Top 3 reasons why your baby carrier might be causing back pain

When it comes to baby carriers – fit is everything. How well your carrier fit you personally and how well it is fitted each time you use it. Parents often come to me with a carrier they’ve bought and is causing them pain and assume I will tell them they need to buy something new. But often they really don’t need to. A few tweaks to how it is fitted and how they are using it can be a total game changer. Suddenly that carrier they hated is now is now super comfy and their back feels supported and comfortable.

So here are my top 3 reasons your carrier might be causing you pain, and HOW to fix them! Watch the video of my instragram live showing all 3 or scroll down if you prefer to read!

#1 – The waistband isn’t high enough.

Getting the waist band right is the absolute foundation of any carry. Often the reason parents are struggling is simply that the waistband is positioned too low, or that it is not tight enough and the result is baby’s weight is causing the waist band to tip which consequently causes your pelvis to tip and your back to arch. The fix is to simply raise the waist band up and tighten it up!

You can see more about waist band positioning here:

Or read my full blog on this here.

#2 – The shoulder straps are too loose

This can be counter intituive because usually if something is rubbing or hurting we often think it must be too tight, so our instincts are to loosen up. But actually when it comes to baby carriers it is the reverse; when they are too loose baby pulls away from you and this downward drag causes that rubbing or pain or heaviness on your shoulders. The trick to it feeling lighter is to tighten those straps up until there is no slack. Or until it is tight enough that if you lean foward, baby doesn’t draw away from you.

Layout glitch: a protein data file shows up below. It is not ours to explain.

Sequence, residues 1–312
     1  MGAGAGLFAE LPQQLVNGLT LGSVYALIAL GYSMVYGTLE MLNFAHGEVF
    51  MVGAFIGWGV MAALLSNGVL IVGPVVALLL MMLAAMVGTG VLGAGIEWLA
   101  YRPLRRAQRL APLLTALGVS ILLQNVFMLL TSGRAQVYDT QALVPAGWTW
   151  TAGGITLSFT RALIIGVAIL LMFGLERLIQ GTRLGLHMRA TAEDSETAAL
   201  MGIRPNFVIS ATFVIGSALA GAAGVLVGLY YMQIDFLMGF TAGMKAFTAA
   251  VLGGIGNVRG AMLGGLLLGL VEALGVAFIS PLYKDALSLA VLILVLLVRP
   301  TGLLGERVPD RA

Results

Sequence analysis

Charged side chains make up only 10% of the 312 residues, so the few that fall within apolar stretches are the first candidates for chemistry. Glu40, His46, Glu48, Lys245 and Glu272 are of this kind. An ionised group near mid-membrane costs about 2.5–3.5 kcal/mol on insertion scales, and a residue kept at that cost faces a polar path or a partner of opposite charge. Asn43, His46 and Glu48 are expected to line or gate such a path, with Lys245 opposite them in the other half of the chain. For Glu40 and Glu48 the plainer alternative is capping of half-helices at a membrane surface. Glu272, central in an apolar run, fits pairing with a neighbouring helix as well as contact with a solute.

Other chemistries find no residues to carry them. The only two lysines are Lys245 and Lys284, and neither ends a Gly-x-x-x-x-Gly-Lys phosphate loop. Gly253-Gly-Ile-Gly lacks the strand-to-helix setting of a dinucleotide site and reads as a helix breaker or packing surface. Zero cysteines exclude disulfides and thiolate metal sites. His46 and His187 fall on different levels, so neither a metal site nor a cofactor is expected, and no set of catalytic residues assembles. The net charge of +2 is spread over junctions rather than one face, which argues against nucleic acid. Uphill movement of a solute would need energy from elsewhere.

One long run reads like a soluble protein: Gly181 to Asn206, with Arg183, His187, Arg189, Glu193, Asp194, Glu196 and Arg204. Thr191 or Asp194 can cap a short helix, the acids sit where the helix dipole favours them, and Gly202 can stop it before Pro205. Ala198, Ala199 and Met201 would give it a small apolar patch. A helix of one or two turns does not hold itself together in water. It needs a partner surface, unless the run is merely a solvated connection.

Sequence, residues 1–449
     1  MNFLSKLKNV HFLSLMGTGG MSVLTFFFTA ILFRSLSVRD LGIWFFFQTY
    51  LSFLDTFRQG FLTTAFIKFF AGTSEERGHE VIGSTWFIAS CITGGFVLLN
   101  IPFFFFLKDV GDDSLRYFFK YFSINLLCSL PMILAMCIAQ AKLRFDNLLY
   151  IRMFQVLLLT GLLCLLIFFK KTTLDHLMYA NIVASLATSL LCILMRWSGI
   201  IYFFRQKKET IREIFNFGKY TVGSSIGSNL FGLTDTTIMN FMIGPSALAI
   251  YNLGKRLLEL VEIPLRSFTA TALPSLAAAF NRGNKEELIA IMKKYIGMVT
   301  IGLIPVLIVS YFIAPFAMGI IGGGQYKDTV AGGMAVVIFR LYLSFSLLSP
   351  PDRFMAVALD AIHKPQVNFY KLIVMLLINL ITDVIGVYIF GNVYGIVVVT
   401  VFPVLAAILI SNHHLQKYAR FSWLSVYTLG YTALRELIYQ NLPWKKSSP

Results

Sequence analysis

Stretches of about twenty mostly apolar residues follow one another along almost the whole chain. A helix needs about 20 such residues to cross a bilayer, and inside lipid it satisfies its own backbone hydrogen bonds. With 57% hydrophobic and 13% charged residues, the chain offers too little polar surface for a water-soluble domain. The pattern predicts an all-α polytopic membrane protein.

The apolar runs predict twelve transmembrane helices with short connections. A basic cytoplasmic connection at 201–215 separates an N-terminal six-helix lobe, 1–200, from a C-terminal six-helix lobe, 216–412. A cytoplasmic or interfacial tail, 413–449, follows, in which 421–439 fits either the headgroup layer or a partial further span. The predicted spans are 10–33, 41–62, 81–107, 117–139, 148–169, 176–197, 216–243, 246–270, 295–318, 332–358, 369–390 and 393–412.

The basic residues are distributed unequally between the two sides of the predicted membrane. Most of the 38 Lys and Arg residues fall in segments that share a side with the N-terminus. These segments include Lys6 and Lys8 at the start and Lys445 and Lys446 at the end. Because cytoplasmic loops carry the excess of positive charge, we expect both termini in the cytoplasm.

Often parents are worried to tighten up because they fear squashing the baby, but actually babies enjoy that closeness. They enjoy the security that comes with have the straps snug because it feels more secure and more cozy for them.

#3 – How you tighten the shoulder straps

This is often the biggest culprit behind discomfort in carriers – HOW you tighten the straps. The fact is, that for most carriers this is not obvious. Just simply yanking on the strap to tighten it often doesn’t work. The combination of baby’s weight pulling downward int he sling and the friction across your back will prevent the strap from tightening effectively.

Instead it is key to

  1. Support baby’s weight as you tighten, so that you aren’t fighting gravity
  2. Move any looseness around you back, wiggling your shoulder as you go before you try to tighten the strap.
  3. Once the looseness is directly by the buckle, then and only then, tighten it!

You can see this in action fro a carrier with ruck sack straps here;

and for a carrier with Cross straps here;